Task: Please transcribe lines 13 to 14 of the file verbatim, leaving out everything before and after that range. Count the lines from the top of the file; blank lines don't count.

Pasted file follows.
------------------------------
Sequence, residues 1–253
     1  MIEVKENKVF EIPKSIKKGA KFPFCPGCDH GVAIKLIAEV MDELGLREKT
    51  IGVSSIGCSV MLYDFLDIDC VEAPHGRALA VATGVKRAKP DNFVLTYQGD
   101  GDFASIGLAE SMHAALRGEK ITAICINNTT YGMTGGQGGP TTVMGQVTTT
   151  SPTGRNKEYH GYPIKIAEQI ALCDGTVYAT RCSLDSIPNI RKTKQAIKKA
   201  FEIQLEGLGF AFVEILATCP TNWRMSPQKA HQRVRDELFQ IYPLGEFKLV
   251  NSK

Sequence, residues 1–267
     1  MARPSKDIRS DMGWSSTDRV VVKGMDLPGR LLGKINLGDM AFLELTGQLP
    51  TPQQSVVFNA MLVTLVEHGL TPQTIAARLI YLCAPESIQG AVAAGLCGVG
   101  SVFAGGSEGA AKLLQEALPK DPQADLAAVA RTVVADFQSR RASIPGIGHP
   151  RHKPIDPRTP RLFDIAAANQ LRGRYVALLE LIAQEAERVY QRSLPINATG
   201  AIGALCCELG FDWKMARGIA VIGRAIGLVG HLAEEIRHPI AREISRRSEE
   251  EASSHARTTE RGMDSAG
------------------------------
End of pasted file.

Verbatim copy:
   201  AIGALCCELG FDWKMARGIA VIGRAIGLVG HLAEEIRHPI AREISRRSEE
   251  EASSHARTTE RGMDSAG